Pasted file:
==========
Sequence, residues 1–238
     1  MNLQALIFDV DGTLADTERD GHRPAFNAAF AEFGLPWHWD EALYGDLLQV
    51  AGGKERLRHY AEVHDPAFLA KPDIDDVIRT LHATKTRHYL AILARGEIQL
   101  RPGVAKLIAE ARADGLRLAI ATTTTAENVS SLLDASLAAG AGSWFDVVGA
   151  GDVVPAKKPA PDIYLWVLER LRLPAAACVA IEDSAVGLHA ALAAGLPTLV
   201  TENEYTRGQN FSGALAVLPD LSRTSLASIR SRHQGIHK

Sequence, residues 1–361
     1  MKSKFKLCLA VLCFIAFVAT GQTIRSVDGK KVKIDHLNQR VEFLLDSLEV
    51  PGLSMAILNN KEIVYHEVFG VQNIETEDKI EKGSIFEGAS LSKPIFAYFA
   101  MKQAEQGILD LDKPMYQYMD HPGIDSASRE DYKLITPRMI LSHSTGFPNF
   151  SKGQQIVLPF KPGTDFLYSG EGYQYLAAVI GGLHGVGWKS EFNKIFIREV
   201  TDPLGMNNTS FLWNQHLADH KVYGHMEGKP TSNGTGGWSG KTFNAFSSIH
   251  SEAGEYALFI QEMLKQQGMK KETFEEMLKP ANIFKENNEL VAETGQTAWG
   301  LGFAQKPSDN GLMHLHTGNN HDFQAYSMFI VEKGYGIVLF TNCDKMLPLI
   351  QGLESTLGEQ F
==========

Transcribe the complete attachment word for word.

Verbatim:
Sequence, residues 1–238
     1  MNLQALIFDV DGTLADTERD GHRPAFNAAF AEFGLPWHWD EALYGDLLQV
    51  AGGKERLRHY AEVHDPAFLA KPDIDDVIRT LHATKTRHYL AILARGEIQL
   101  RPGVAKLIAE ARADGLRLAI ATTTTAENVS SLLDASLAAG AGSWFDVVGA
   151  GDVVPAKKPA PDIYLWVLER LRLPAAACVA IEDSAVGLHA ALAAGLPTLV
   201  TENEYTRGQN FSGALAVLPD LSRTSLASIR SRHQGIHK

Sequence, residues 1–361
     1  MKSKFKLCLA VLCFIAFVAT GQTIRSVDGK KVKIDHLNQR VEFLLDSLEV
    51  PGLSMAILNN KEIVYHEVFG VQNIETEDKI EKGSIFEGAS LSKPIFAYFA
   101  MKQAEQGILD LDKPMYQYMD HPGIDSASRE DYKLITPRMI LSHSTGFPNF
   151  SKGQQIVLPF KPGTDFLYSG EGYQYLAAVI GGLHGVGWKS EFNKIFIREV
   201  TDPLGMNNTS FLWNQHLADH KVYGHMEGKP TSNGTGGWSG KTFNAFSSIH
   251  SEAGEYALFI QEMLKQQGMK KETFEEMLKP ANIFKENNEL VAETGQTAWG
   301  LGFAQKPSDN GLMHLHTGNN HDFQAYSMFI VEKGYGIVLF TNCDKMLPLI
   351  QGLESTLGEQ F